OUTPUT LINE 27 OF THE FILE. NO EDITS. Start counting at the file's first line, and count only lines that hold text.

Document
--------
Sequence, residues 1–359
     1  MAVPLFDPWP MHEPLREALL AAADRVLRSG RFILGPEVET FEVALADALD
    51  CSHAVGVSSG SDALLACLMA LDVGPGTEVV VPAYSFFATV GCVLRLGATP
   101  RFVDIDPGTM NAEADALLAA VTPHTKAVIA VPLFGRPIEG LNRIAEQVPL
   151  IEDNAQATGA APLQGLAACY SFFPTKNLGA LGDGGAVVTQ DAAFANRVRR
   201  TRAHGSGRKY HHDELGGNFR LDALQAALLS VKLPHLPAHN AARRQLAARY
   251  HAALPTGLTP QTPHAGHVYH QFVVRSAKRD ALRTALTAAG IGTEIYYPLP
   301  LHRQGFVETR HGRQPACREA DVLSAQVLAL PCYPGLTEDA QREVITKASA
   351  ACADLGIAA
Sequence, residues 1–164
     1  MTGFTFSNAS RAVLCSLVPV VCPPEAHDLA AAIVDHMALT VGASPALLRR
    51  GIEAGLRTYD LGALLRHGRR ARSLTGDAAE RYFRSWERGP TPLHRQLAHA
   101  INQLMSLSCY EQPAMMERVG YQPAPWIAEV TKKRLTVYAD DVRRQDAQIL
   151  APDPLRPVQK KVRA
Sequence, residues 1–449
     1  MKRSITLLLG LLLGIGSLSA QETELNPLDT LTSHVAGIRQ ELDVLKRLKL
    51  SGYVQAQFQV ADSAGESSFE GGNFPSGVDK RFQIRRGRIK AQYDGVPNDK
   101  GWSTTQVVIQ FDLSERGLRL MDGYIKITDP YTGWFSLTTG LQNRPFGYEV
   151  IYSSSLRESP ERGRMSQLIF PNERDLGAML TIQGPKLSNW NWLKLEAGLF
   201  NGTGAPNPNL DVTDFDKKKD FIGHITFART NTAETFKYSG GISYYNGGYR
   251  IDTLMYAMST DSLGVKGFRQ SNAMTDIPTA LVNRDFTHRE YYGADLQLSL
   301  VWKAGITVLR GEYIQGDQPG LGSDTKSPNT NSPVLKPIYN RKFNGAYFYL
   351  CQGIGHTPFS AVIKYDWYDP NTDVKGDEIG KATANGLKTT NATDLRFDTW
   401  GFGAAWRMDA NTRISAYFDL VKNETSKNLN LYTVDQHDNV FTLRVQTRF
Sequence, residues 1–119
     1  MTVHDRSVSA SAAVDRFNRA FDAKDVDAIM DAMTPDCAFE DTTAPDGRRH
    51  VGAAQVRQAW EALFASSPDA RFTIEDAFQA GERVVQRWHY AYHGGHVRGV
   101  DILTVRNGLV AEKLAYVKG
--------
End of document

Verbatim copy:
    51  VGAAQVRQAW EALFASSPDA RFTIEDAFQA GERVVQRWHY AYHGGHVRGV